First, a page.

Recycling your Christmas tree will grow more trees

18 December 2019

Recycling your Christmas tree when the holiday season is over can help grow a greener future for Newark and Sherwood.

Come Twelfth Night when the festive decorations are packed away, why not arrange for your unwanted tree to be picked up for a small fee with the proceeds being used to pay for planting whips and saplings around the district.

Trees collected are chipped and used for path surfacing if suitable or as a mulch on shrub beds to keep weeds at bay.

Newark and Sherwood District Council’s Waste Management team will be collecting trees for a £5 fee from January 6. To book your collection go to www.newark-sherwooddc.gov.uk/christmas/christmastreerecycling

Council leisure and environment committee chairman Councillor Roger Jackson said: “We need to improve our recycling rates throughout the district and our Christmas tree collection service is certainly one way of doing this and will save residents the trouble of their disposal when the festive season is over.”

Chuter Ede Primary School in Fernwood, near Newark, is one of many schools in the district that encourages recycling and to promote the Christmas tree scheme,  the school’s head boy and head girl,   James Harris (11) and Isabelle Marshall (10), joined Councillor Jackson and Andy Kirk the council’s Business Manager for Waste and Transport at Devon Croft Nursery, Farndon Road, Newark.

James and Isabelle said: “We feel that it is important to educate the young generation about recycling and what an amazing way to spend money on re-generation.  Even though this is only a small step to saving the planet, if everyone gets involved we can make a big difference, so please recycle your Christmas trees.”

James Richardson, proprietor of Devon Croft Nursery, said: "We've sold just under 400 Christmas trees this year and our customers are always asking what they should do with them when the holiday has finished. We would encourage them to use the service offered by the district council to ensure that they are recycled.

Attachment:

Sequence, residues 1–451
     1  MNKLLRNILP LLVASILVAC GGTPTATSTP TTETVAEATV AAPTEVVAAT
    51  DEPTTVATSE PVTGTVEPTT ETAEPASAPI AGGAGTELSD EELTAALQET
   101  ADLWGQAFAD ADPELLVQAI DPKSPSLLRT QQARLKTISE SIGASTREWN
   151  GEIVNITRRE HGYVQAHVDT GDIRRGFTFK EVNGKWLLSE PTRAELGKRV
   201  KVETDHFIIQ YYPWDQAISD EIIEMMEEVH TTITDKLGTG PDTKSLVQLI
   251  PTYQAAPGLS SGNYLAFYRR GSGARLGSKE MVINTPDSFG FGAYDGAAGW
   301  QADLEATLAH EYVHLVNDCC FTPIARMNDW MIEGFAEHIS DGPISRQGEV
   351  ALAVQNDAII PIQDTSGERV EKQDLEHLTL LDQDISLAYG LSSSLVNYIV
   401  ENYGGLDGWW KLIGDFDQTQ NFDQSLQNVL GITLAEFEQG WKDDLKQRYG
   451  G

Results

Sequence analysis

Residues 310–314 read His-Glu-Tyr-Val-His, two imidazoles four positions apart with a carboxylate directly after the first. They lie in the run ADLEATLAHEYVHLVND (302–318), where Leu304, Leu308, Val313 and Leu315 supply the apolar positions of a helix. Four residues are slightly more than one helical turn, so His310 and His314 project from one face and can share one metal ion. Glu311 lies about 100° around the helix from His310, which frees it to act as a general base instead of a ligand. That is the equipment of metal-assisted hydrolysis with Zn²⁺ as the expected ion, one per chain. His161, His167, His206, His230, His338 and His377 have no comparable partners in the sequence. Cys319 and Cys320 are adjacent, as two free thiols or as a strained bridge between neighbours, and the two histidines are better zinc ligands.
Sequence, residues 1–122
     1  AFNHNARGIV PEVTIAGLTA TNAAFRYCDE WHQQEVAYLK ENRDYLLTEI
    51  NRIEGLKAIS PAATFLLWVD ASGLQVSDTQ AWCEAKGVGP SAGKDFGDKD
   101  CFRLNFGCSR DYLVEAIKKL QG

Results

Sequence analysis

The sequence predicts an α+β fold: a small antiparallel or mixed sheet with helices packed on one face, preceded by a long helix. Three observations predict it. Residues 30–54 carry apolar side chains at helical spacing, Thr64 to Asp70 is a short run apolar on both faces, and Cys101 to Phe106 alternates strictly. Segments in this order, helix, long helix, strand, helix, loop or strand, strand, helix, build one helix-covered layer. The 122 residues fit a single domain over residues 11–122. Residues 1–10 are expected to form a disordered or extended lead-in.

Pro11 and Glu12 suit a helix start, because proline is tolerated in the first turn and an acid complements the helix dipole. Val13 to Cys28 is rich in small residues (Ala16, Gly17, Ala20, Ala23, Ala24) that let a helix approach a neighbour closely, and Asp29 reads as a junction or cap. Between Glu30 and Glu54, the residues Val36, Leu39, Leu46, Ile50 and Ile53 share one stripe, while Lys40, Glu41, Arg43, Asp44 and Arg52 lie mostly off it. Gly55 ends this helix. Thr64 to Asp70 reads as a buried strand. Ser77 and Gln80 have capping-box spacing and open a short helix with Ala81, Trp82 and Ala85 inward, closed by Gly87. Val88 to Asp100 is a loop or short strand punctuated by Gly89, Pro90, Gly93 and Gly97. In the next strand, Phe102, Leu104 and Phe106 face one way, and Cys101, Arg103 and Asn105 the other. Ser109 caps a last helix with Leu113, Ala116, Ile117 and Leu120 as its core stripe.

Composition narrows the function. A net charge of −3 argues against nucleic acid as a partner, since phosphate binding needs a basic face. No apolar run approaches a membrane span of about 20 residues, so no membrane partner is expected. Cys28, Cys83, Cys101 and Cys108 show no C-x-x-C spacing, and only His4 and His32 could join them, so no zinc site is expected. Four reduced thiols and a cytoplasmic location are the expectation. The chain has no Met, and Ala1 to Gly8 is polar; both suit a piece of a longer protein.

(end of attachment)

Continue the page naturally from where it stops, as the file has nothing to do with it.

"We recycle as much as we can - chippings are good for garden beds and we compost appropriate green waste."

The district council has also been running a free tree scheme, handing out thousands of trees to households across the district as part of its strategy to protect, promote and enhance the natural environment.

The project follows on from the council’s highly successful Cleaner, Safer and Greener campaign and in particular, the Greener element of that initiative. By increasing the number of trees in the district, not only is the council leading the way in making communities more attractive, greener places to live and work,  it is assisting the government in meeting its crucial target of planting 11 million trees between now and 2022.

Trees are vital in the fight against climate change. They help to improve the quality of our air, cool the warming planet, reduce flood risks as well as absorb carbon dioxide from the atmosphere.

Households are also encouraged to be greener in the New Year by recycling their grass cuttings, trimmings, weeds and plants through the council’s district-wide garden waste scheme.

Any household in the district with a garden and enough space to store a brown bin can apply for the scheme. The annual £35 fee includes use of the brown bin itself and an all year-round collection service – fortnightly between March and November and monthly from December to February.

For more information on the garden waste collection service, please visit: www.newark-sherwooddc.gov.uk/gardenwaste/

ends

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